Why You Should Look at Silver Wheaton
Dec 5th 2012 3:33PM
Updated Dec 5th 2012 3:40PM
Investing in precious metals has gone mainstream in the past decade, thanks to a huge bull market in the price of gold and silver. As bullion prices have risen, the number of ways investors can profit from the gain in popularity of precious metals has risen along with them. From traditional mining stocks to bullion-owning exchange-traded funds, investors have plenty of choices of precious metals investments.
But Silver Wheaton (NYS: SLW) has unique characteristics that in many ways combine the best of both bullion investment and operating mining companies. My premium report on Silver Wheaton goes into more detail on the silver streaming company and includes the following description of the massive opportunity that the company has for future growth.
Silver investments generally fall into three primary categories:
- You can buy bullion directly, paying a mark-up to a dealer and taking on responsibility for storage, insurance, and other costs of carrying coins or bars.
- You can choose to buy exchange-traded products iShares Silver (ASE: SLV) or Central Fund of Canada (ASE: CEF) , which include silver bullion among their holdings yet are as liquid as ordinary stocks.
- You can buy Pan American Silver (NAS: PAAS) , Hecla Mining (NYS: HL) , or a host of other companies that own mines and produce and profit from silver.
Each of those categories, however, has downsides. Bullion offers direct correlation to silver prices but is costly to own. ETFs avoid much of that cost but don't generate income and typically don't give you direct control of physical metal. And while mining stocks generate income and sometimes even pay dividends, mine-specific challenges can make you lose money even when bullion prices are on the rise.
Silver Wheaton, by contrast, is a silver streamer. Formed in 2004, the company offers financing to small mining companies in exchange for the right to purchase a share of their future production at specified prices, usually well below current market prices for the metal. With streaming arrangements around the world, Silver Wheaton has a well-diversified portfolio.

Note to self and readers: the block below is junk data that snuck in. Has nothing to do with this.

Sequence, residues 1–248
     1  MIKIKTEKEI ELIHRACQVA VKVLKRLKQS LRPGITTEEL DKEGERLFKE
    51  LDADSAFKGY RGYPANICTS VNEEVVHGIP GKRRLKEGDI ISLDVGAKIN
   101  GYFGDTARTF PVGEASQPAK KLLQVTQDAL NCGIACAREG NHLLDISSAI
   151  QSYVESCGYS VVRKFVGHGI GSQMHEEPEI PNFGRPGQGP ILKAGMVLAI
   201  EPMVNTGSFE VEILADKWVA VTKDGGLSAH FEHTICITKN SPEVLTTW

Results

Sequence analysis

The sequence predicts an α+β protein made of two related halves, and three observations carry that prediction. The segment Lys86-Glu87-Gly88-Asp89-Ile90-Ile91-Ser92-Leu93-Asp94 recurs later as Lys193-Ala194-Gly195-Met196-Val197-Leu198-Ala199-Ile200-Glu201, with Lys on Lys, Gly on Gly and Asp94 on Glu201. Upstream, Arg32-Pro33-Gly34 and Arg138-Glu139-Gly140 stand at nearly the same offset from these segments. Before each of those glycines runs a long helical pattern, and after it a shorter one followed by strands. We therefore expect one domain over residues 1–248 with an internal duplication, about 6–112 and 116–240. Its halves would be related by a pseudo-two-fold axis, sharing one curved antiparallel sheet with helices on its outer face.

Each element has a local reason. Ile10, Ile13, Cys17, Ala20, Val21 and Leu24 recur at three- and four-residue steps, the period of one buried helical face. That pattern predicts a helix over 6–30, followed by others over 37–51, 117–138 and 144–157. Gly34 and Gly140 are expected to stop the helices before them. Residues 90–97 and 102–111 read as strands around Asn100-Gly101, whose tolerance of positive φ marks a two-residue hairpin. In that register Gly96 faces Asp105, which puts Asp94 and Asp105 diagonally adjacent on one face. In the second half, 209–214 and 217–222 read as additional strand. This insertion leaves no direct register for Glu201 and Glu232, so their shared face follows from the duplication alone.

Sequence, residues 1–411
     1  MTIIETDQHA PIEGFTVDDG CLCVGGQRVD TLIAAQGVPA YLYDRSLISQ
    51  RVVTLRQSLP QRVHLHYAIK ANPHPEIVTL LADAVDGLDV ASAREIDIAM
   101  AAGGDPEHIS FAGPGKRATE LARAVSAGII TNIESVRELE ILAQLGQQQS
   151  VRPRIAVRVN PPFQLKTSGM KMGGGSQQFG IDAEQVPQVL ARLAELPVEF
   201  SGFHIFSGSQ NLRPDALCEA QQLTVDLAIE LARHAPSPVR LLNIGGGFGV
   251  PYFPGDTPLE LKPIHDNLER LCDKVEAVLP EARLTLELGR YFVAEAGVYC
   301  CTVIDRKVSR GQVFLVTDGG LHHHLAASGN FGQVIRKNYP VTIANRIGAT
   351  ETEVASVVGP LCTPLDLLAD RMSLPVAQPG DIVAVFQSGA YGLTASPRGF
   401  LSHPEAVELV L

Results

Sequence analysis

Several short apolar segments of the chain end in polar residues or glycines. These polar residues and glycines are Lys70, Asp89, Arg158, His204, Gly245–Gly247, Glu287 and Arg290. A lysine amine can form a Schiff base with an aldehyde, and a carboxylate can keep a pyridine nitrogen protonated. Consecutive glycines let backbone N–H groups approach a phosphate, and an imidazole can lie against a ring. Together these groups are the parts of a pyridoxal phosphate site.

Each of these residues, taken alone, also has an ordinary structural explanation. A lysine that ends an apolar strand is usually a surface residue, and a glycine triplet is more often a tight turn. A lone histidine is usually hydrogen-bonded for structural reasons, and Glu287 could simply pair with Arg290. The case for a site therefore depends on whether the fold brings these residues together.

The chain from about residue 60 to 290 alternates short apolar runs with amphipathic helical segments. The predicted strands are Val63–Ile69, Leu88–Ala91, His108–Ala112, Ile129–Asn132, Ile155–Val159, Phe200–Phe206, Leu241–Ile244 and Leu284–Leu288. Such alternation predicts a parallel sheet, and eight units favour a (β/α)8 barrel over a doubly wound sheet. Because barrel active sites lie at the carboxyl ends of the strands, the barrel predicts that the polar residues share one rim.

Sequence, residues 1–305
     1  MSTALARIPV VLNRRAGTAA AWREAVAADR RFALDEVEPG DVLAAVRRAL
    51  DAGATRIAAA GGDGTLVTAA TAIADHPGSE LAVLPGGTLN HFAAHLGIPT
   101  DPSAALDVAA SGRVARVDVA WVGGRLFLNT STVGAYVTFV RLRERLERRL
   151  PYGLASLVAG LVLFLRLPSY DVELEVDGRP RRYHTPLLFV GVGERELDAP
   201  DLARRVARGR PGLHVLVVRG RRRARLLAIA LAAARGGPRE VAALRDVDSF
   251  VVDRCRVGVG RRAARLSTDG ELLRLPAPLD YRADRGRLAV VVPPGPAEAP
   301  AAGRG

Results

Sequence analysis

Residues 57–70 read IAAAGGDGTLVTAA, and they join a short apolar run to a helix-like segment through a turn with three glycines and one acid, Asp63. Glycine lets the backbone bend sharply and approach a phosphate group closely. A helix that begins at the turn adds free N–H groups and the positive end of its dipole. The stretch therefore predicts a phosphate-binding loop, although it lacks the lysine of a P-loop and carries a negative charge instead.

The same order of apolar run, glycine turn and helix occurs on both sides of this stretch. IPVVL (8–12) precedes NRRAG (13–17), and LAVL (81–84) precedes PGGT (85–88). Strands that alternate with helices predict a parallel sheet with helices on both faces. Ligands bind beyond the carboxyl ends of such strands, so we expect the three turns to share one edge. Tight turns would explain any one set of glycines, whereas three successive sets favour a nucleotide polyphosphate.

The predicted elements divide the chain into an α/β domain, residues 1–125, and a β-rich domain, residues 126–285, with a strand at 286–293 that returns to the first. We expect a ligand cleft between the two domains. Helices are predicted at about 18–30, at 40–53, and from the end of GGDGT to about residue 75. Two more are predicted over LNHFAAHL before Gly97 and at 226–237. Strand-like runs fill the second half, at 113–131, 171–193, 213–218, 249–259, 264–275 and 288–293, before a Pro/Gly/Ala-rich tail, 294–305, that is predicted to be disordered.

What makes Silver Wheaton an especially promising investment opportunity is that it combines many of the most attractive elements of other silver-related investments. Because it relies on its client miners to produce silver, Silver Wheaton doesn't have to deal with the hassles of running a complex mining operation and is largely insulated from potential disruptions that plague traditional miners. With locked-in prices for the silver it purchases, Silver Wheaton profits from the difference between its contract prices and the prevailing market price when it sells that silver on the market.
Of course, silver prices have already climbed substantially, raising the question of how Silver Wheaton can build on its past success. But the beauty of Silver Wheaton's business model is that it provides opportunities in every phase of the business cycle in mining. When times are good, mines tend to boost production, raising the amount of silver that Silver Wheaton receives under its streaming arrangements. Yet when times are tough, more mining companies need the financing that Silver Wheaton can provide, and so with cash it accumulates during good times, Silver Wheaton can build new relationships with promising silver miners and set the stage for even bigger profits during the next bull phase for the silver market.
In essence, the long-term opportunity for Silver Wheaton is almost unlimited. Through successive cycles of booms and slowdowns in silver production, Silver Wheaton has the tools to survive and prosper throughout.
That was just a small part of the Motley Fool's new premium report on Silver Wheaton. To find out whether Silver Wheaton is a buy right now, you'll want to read the full report, which also includes regular updates as events occur. Click here now and get your report today.
The article Why You Should Look at Silver Wheaton originally appeared on Fool.com.Fool contributor Dan Caplinger owns shares of Central Fund of Canada. You can follow him on Twitter @DanCaplinger. The Motley Fool owns shares of Hecla Mining. Try any of our Foolish newsletter services free for 30 days. We Fools may not all hold the same opinions, but we all believe that considering a diverse range of insights makes us better investors. The Motley Fool has a disclosure policy.
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